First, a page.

Tuesday, 28 February 2017

What and Where to Eat in Hong Kong (Part II)

...continued from What and Where to Eat in Hong Kong (Part I)

Roast meat and wonton noodles
You cannot go wrong with roast meat and wonton noodles. Have tried at random places on different trips and not come across unpalatable ones. Maybe we were lucky but the one that I like and always go back to is Yung Kee  recommended by a local during our 1st trip to Hong Kong many years back. Its signatures included charcoal roasted goose and crispy roasted pigeon, which I fell in love with and never failed to order. Thin crisp skin with tender meat that was neither too dry nor oily, its taste was accentuated when dipped in the accompanying salt though some may find this combination too salty. Fret not if so since it is just as good as-is. A travel companion found the dim sum here the best that we had during our trip. Hong Kong's wonton noodles are not served with char siu and the wonton consists of prawns, not meat. At Mak's Noodle, the noodles were springy and wonton succulent but a tad salty and of the same standard as Singapore's.

Street food
There are many street food stalls in Hong Kong selling ready-to-eat snacks such as curry fishballs or gah lei yu dan, egglets and stinky tofu. Was initially sceptical about trying but when I finally did, fell in love with these  from the smooth and chewy fishballs in spicy sauce to tofu reeking an odour that you can smell a distance away. The latter, crispy on the outside, is different from Taiwan's and I prefer this. The first time I tried egglet was when my travel companion and I found the queue at Tim Ho Wan too long. We decided to join the relatively shorter queue for egglet with lovely egg-aroma and crispy outside. Other street food includes meats and intestines on skewers, braised and roast meats (the roast quail we bought back to eat in our hotel room was very salty) and steamed bowl pudding which we bought from an old lady on the street to try. I did not like the steamed sugar gelatinous cakes with red bean.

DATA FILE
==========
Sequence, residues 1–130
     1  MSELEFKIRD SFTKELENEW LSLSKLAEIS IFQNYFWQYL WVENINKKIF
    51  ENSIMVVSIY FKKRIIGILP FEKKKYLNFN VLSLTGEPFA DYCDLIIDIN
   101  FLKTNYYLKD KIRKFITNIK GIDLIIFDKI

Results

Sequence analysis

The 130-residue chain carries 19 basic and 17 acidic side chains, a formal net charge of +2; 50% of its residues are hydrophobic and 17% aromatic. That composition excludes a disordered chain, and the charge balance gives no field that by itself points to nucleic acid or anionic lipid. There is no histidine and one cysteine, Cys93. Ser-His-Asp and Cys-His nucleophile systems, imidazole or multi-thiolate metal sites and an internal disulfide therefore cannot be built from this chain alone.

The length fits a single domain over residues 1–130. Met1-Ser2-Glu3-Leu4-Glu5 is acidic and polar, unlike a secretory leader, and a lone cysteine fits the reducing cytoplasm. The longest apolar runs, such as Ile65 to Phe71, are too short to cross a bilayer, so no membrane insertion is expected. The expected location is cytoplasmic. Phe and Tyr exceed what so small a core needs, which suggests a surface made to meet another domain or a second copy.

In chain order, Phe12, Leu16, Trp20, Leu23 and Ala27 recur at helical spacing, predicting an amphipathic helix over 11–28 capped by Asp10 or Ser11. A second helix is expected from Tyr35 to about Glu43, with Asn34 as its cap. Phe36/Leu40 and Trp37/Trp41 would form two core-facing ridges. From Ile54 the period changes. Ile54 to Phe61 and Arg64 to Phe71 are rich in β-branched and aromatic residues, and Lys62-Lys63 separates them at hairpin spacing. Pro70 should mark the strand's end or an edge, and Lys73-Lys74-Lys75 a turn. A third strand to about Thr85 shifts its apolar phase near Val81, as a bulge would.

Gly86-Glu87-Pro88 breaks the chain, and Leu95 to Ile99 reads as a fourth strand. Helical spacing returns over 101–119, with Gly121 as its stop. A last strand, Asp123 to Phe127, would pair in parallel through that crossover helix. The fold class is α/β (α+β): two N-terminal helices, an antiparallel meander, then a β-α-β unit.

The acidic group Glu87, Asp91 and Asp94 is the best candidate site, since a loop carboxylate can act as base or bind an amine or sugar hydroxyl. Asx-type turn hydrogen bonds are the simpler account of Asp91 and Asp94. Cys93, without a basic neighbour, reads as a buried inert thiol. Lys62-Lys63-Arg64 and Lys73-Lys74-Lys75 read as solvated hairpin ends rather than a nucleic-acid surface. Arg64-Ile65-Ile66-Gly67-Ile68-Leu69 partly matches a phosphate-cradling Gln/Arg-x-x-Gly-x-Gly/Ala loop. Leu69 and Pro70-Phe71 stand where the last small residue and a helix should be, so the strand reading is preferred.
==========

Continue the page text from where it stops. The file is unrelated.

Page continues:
Tong shui
Literally translated as sugar water in Cantonese, tong shui loosely means desserts. Again, I tried at random places on different trips and have not come across any that cannot make it. Traditional ones include almond/sesame/walnut paste, hashima and red bean soup. Kwai ling go or herbal jelly can be found in both desserts shops and herbal stalls that offer cooling tea. Some menus also have glutinous rice dumplings and tofu pudding on them. Hui Lau Shan Healthy Desserts is known for its mango desserts while Yee Shun Dairy Company is famous for its double-boiled steamed milk custard. While I have tried different items from the former, my favourite is its Sago in Mango Juice with Extra Mango. 

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